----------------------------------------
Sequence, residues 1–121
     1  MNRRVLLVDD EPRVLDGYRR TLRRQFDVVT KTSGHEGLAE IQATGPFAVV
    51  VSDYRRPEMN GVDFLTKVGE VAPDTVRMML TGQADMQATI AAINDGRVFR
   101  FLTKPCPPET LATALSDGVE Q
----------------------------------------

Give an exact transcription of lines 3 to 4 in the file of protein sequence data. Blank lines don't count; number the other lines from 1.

    51  VSDYRRPEMN GVDFLTKVGE VAPDTVRMML TGQADMQATI AAINDGRVFR
   101  FLTKPCPPET LATALSDGVE Q